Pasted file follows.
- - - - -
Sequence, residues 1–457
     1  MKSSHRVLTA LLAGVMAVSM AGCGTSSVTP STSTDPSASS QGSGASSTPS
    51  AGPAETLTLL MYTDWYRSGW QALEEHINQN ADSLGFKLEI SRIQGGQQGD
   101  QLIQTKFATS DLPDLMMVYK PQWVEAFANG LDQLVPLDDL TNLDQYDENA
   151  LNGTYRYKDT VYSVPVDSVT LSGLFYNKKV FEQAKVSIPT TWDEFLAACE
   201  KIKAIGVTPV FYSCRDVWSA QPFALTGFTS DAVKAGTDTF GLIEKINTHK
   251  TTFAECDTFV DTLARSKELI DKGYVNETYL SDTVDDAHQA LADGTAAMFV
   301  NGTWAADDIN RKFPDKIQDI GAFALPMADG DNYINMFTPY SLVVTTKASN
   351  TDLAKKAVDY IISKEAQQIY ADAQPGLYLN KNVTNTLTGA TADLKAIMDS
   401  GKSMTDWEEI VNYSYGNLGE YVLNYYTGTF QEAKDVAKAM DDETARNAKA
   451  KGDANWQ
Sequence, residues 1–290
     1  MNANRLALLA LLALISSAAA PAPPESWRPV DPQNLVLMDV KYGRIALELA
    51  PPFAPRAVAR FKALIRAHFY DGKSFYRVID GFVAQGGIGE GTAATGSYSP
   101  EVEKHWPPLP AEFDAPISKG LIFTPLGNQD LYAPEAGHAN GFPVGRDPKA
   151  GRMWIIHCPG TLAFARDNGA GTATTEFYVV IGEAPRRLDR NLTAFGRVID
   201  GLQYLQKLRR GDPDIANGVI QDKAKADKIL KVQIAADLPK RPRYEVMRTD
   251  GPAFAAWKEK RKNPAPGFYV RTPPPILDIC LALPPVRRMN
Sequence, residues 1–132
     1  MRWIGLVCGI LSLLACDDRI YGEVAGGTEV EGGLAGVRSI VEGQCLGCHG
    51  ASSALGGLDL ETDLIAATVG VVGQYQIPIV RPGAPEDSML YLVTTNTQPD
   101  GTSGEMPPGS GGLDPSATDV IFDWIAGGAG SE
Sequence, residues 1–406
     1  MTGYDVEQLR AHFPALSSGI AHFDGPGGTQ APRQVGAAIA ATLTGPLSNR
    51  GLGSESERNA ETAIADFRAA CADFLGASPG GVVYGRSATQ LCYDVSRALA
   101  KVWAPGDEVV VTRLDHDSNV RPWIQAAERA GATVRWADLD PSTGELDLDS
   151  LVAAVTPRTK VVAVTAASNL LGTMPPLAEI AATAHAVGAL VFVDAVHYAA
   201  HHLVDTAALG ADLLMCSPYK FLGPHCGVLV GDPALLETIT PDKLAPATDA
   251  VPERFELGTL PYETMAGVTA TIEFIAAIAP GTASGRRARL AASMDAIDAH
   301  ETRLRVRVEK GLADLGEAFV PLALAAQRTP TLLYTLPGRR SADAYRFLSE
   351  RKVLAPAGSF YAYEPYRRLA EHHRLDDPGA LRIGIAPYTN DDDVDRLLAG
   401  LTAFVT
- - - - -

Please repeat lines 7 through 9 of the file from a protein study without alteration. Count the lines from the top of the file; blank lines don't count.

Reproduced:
   251  TTFAECDTFV DTLARSKELI DKGYVNETYL SDTVDDAHQA LADGTAAMFV
   301  NGTWAADDIN RKFPDKIQDI GAFALPMADG DNYINMFTPY SLVVTTKASN
   351  TDLAKKAVDY IISKEAQQIY ADAQPGLYLN KNVTNTLTGA TADLKAIMDS